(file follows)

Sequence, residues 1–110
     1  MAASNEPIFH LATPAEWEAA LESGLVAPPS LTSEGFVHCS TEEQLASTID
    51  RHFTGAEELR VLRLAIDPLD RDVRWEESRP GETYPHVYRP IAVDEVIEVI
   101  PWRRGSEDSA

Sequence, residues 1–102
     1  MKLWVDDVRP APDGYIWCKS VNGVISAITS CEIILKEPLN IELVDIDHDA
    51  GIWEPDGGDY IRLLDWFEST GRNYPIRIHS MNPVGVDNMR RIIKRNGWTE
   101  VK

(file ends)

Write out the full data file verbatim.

Sequence, residues 1–110
     1  MAASNEPIFH LATPAEWEAA LESGLVAPPS LTSEGFVHCS TEEQLASTID
    51  RHFTGAEELR VLRLAIDPLD RDVRWEESRP GETYPHVYRP IAVDEVIEVI
   101  PWRRGSEDSA

Sequence, residues 1–102
     1  MKLWVDDVRP APDGYIWCKS VNGVISAITS CEIILKEPLN IELVDIDHDA
    51  GIWEPDGGDY IRLLDWFEST GRNYPIRIHS MNPVGVDNMR RIIKRNGWTE
   101  VK